I didn't want to hijack the other tamale thread, so I'll start a new one. This recipe was in our local paper yesterday; I've never embarked on tamales and this looks good. Since I'll be sharing and one of the participants is vegetarian (which is why this recipe looks intriguing as well), can I possibly sub veg shortening for the lard?
MONTEREY JACK TAMALES
Start to finish: 4 hours (1 hour active)Makes 16 tamales
16 corn husks
1/2 cup lard, refrigerated until firm
1 pound (about 2 cups) masa for tamales
2/3 cup chicken broth, room temperature
1 teaspoon baking powder
1/2 teaspoon salt
8 ounces Monterey Jack cheese, cut into 2-by-1/4-inch sticks
4 chipotle chilies in adobo sauce, minced
In a large stockpot, separate the corn husks, then add enough water to cover. Heat over medium-high and simmer for 10 minutes. Remove the pot from the heat, then place a plate over the husks to keep them submerged. Soak for 2 hours.
When you are ready to make the tamales, remove husks from the water and pat them dry.
In a large bowl, use an electric mixer to beat the lard until light and fluffy, about 1 minute. Add half of the masa, then beat until well blended. Add the remaining masa a bit at a time, alternating with the broth.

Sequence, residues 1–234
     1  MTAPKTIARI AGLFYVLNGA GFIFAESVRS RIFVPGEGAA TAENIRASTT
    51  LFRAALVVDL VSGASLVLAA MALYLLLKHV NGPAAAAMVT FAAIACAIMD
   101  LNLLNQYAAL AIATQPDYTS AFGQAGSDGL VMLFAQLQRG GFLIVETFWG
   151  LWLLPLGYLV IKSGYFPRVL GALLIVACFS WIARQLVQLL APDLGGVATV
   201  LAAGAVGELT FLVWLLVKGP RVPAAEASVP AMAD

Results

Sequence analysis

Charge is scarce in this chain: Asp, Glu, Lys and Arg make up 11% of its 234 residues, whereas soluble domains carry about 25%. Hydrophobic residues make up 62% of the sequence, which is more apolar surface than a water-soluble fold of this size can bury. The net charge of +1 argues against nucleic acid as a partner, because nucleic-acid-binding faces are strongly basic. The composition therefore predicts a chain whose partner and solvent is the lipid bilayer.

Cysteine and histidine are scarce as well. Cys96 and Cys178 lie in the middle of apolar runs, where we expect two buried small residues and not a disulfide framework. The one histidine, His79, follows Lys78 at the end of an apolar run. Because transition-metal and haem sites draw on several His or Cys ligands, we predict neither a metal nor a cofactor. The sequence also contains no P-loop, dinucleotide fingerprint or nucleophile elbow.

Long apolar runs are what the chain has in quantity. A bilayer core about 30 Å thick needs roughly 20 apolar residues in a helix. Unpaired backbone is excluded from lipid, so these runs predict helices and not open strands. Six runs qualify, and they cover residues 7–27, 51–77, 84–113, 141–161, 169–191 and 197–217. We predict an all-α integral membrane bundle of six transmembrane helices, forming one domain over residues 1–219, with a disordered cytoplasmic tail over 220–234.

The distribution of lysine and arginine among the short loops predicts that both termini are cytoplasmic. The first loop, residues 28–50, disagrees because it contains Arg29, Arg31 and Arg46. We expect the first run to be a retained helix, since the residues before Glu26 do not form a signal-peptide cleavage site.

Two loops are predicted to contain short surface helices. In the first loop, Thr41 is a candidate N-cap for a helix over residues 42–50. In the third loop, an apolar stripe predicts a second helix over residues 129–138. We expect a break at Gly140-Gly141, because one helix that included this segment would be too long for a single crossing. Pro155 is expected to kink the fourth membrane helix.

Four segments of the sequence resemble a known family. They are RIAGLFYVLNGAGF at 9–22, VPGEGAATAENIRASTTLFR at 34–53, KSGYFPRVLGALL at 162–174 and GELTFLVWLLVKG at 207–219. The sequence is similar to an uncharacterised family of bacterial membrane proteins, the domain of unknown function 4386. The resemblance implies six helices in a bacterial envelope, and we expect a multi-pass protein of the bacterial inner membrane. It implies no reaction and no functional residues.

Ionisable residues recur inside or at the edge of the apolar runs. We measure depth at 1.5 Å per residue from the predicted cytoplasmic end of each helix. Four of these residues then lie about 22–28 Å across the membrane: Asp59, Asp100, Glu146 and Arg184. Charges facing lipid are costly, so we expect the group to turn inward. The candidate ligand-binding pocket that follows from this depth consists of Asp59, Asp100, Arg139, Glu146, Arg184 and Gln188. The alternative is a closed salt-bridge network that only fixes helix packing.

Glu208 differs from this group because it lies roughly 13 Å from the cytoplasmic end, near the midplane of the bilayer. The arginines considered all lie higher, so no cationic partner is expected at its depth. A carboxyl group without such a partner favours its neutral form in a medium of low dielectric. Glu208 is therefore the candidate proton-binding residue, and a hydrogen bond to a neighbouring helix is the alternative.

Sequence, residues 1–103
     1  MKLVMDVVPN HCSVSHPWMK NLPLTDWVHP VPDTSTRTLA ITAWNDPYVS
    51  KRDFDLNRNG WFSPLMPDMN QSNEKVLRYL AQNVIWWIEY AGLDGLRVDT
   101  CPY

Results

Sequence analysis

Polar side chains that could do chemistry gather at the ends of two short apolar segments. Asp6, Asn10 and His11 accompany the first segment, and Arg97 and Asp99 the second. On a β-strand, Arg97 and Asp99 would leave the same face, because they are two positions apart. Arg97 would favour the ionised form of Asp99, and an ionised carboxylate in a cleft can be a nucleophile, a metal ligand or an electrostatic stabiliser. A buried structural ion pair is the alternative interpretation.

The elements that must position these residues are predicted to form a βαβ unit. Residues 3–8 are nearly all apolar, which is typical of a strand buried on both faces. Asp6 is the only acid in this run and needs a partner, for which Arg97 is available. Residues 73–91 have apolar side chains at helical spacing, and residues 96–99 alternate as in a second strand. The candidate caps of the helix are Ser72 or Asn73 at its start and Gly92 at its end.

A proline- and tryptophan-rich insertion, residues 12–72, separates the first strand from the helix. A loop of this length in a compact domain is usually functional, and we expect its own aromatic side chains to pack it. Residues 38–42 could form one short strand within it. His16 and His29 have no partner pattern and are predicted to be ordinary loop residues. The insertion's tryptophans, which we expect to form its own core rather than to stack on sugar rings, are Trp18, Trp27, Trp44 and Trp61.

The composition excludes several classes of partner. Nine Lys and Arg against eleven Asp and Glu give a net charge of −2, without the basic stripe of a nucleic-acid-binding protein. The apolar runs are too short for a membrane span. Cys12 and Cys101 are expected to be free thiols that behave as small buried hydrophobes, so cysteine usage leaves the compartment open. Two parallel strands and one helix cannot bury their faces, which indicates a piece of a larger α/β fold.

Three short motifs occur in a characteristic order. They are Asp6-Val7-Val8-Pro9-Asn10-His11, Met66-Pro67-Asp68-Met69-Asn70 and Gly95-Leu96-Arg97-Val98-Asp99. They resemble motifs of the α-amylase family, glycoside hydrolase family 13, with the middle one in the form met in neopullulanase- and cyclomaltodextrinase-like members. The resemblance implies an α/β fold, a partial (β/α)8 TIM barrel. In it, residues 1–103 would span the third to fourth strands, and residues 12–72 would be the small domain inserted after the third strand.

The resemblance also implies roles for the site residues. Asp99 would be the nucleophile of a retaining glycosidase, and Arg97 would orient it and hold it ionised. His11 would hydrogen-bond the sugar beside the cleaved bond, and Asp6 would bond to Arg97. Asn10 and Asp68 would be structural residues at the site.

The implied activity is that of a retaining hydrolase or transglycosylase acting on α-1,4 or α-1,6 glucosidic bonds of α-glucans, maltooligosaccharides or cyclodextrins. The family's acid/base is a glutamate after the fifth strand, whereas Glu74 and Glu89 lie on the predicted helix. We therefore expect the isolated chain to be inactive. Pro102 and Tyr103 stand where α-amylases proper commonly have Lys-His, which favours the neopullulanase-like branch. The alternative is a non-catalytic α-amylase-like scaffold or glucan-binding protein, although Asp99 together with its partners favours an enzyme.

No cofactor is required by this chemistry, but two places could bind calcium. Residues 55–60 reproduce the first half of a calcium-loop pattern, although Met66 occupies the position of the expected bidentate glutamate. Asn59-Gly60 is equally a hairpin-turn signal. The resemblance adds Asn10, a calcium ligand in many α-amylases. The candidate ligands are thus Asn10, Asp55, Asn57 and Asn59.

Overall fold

The mixture should have the consistency of thick cake batter. Sprinkle in the baking powder and salt, then beat for 1 minute. Scoop out 1/2 teaspoon of the mixture and drop it in a glass of cold water. If it floats, the dough is ready. If not, continue beating for another minute. Set aside.
In a small bowl, combine the cheese and chipotle chilies and toss well. Set aside.
To prepare the steamer, place a steamer basket in a large stockpot filled with several inches of water. Arrange several of the spare corn husks over the bottom of the steamer, being sure to leave gaps for condensation to drip down.
To form the tamales, one at a time spread each corn husk flat with the tapered end toward you. The husks naturally curl; the curl should be upward toward you. Spread 3 tablespoons of dough into a 4-inch square at the center of each husk.
Top each square of dough with a bit of the cheese and chipotle chilies.
To fold the tamale, fold the long sides up over the filling, overlapping slightly. Crease and fold each short end up over the center, one overlapping the other. Use a length of kitchen twine to gently tie each one shut around the center.
Arrange the tamales on the corn husks in the stockpot, then cover them with additional spare husks. Bring the water to a simmer over medium heat, then cover and steam for 1 1/4 hours. Check the pot regularly to add water as needed.
The tamales are done when the husks easily peel away from the dough. Uncover the pot and remove it from the heat. Let stand for 10 minutes, then serve. Let guests unwrap their own tamales (don't eat the husks).
Adapted from Rick Bayless' "Authentic Mexican" (William Morrow, 2007)